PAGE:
Rather, the growing influence of euroscepticism on the domestic British political scene likely plays a greater role. More specifically three trends are driving policy reform. First, the traditional pro-free trade elements of the Conservative party have increasingly been challenged by more Eurosceptic elements, including the Cornerstone Group, which claims some fifty conservative MPs as members, including several members of the cabinet. Second, the rise of several small parties, including the UK Independence Party and the British National Party, have exacerbated these concerns. Finally, a broad level of euroscepticism appears to be gaining support among the British electorate. According to recent public opinion polling, half the British population now supports British withdrawal from the European Union.

Importantly, the United Kingdom is not alone in this respect. Eurobarometer polling data show that popular support for EUY membership was waning across many EU member states, most notably in Latvia, Hungary, and the UK, in which all are home to a majority population opposing EU membership. Every EU member state now has at least one political party with an anti-EU platform.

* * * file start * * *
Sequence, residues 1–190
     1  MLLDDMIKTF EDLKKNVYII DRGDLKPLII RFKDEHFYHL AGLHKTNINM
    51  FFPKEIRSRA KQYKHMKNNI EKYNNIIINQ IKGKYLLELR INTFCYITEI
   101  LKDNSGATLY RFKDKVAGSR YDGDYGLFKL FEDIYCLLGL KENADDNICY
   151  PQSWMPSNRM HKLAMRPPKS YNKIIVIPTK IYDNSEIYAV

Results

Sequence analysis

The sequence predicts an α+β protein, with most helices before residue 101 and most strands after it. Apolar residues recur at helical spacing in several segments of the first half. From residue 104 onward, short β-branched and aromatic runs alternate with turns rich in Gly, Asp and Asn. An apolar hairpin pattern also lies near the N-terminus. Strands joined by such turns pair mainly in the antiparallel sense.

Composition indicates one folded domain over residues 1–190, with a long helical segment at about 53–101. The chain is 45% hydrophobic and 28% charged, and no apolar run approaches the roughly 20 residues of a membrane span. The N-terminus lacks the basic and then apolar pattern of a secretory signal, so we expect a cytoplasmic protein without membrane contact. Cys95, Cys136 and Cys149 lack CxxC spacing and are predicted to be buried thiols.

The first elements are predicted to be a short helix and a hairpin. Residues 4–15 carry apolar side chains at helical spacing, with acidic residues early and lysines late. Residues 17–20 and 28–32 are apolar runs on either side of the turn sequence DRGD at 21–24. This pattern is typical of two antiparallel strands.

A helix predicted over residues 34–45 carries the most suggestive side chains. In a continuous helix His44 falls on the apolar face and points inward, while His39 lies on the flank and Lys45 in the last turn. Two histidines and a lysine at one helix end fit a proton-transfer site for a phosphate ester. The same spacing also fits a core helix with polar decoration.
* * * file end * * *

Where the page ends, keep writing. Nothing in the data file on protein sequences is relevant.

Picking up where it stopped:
All of this raises questions about the future of the European Union. What do you think? Does has European integration hit is high water mark? Are we now witnessing the beginning of the end of the EU? Or does all this talk of withdrawal merely represent politically maneuvering and bluster? Take the poll or leave a comment below and let us know what you think.